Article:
It’s no surprise, then, that the inequities of society deeply affect our health, with those more politically disempowered or economically disenfranchised being forced to shape and suppress their emotions and needs most gravely to survive, says Maté. This means systemic change to fight inequities and focus on social justice is the foundation of improving our health, a common thread in The Myth of Normal.

At the same time, we can work to unlearn these behaviour patterns by bringing more awareness to our own emotions, signals in our bodies, and our needs, rather than automatically ignoring them in the service of others.

“The personality is an adaptation,” says Maté. “What we call the personality is often a jumble of genuine traits and conditioned coping styles, including some that do not reflect our true self at all but rather the loss of it.”
Maté describes true healing as opening ourselves to the truths of our lives, past and present. “After enough noticing, actual opportunities for choice begin to appear before we betray our true wants and needs,” he says. “We might now find ourselves able to pause in the moment and say, ‘Hmm, I can tell I’m about to stuff down this feeling or thought—is that what I want to do? Is there another option?’

“The emergence of new choices in place of old, preprogrammed dynamics is a sure sign of our authentic selves coming back online.”
Reference :
Psychology today
Link:
https://www.psychologytoday.com/intl/blog/its-not-you-its-the-world/202304/smiling-to-death-the-hidden-dangers-of-being-nice
19 replies
  1. مبینا محمدزاده
    مبینا محمدزاده says:

    it was very useful we have no control over I think this is one of the things we experience and we ignore ourselves for others.I wished the article would offer us more specific ways to have our authentic self back online.

    Reply
  2. Kimiya khoshbin
    Kimiya khoshbin says:

    ‏We learned from childhood that we live only according to society’s standards ‏Telling us not to do it all the time may not be approved by others ‏And suppressing our feelings, emotions and desires is a part of our life ‏Many times when we think we realize that we have thought about everything but ourselves ‏Sometimes we suppress ourselves so much that depression enters our lives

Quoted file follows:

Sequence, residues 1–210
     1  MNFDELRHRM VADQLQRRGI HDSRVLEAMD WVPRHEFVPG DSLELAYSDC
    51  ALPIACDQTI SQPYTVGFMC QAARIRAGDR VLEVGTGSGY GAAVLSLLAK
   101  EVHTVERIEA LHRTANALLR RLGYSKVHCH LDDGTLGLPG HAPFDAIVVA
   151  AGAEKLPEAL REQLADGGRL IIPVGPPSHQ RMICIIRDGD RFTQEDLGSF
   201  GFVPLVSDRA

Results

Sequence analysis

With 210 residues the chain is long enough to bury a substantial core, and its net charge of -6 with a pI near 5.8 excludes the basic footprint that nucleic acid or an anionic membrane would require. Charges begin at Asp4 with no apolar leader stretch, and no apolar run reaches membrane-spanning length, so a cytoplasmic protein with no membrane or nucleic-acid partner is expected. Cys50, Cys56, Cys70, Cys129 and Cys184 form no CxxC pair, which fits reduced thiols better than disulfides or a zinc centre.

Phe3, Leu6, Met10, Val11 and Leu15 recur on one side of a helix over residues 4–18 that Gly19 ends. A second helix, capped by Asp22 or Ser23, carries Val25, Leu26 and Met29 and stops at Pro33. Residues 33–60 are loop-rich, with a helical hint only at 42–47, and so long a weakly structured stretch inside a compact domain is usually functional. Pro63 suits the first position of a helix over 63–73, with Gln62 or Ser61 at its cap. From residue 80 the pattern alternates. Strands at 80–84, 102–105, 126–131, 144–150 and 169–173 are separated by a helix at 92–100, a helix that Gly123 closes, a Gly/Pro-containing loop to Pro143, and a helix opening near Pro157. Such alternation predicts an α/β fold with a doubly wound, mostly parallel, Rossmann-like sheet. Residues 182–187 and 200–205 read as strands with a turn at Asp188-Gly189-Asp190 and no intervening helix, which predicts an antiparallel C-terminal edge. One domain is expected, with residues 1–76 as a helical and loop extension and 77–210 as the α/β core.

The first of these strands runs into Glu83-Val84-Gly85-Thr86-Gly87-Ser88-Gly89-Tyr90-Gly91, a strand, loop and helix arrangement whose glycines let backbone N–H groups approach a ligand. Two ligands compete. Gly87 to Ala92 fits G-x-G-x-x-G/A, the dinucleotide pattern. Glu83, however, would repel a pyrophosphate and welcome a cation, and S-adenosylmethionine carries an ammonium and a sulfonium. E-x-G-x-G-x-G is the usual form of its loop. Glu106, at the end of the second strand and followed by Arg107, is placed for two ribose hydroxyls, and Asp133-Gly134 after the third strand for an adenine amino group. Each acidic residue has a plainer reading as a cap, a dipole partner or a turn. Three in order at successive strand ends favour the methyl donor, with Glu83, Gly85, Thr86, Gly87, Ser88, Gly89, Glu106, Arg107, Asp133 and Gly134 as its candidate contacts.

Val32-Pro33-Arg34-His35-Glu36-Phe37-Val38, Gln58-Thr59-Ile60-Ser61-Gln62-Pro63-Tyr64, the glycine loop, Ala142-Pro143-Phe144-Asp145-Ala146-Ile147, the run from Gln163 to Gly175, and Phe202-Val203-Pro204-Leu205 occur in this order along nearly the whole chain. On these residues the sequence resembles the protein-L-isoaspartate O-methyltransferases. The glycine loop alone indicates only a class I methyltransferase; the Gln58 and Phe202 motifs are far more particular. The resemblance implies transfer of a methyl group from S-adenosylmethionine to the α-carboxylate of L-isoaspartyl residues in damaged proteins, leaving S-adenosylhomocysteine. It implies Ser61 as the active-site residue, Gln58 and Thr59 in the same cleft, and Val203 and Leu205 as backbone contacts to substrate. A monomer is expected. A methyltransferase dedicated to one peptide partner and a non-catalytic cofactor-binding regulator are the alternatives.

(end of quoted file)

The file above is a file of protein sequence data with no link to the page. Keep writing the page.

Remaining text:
Reply
  3. کیمیا احمدوند
    کیمیا احمدوند says:

    It can be concluded from this article that we are not responsible for the feelings of others and that we were not born with the personality traits of chronic people and that they have only developed in us. It has nothing to do with will or conscious choice. We are born with developmental traits. We haven’t been, but we can grow and develop it to be accepted. We humans need dependence to survive, and our spirit needs to feel emotions and live based on it.

    Reply
  4. زهرا بابائی
    زهرا بابائی says:

    I wish we could increase our skills to help build self-esteem and self-confidence, so that we can be enough for ourselves and don’t need people’s approval, don’t be afraid of their judgments and move forward stronger.

    Reply
  5. زهرا بابائی
    زهرا بابائی says:

    Most of my comments are about myself. I think it is clear that we are going through many problems. Each of your articles is a piece of the puzzle of our problems, which makes us think deeply. Thank you very much for this effort.

    Reply
  6. fatemeh noorzadeh
    fatemeh noorzadeh says:

    Hello sir,
    I agree with you in all parts.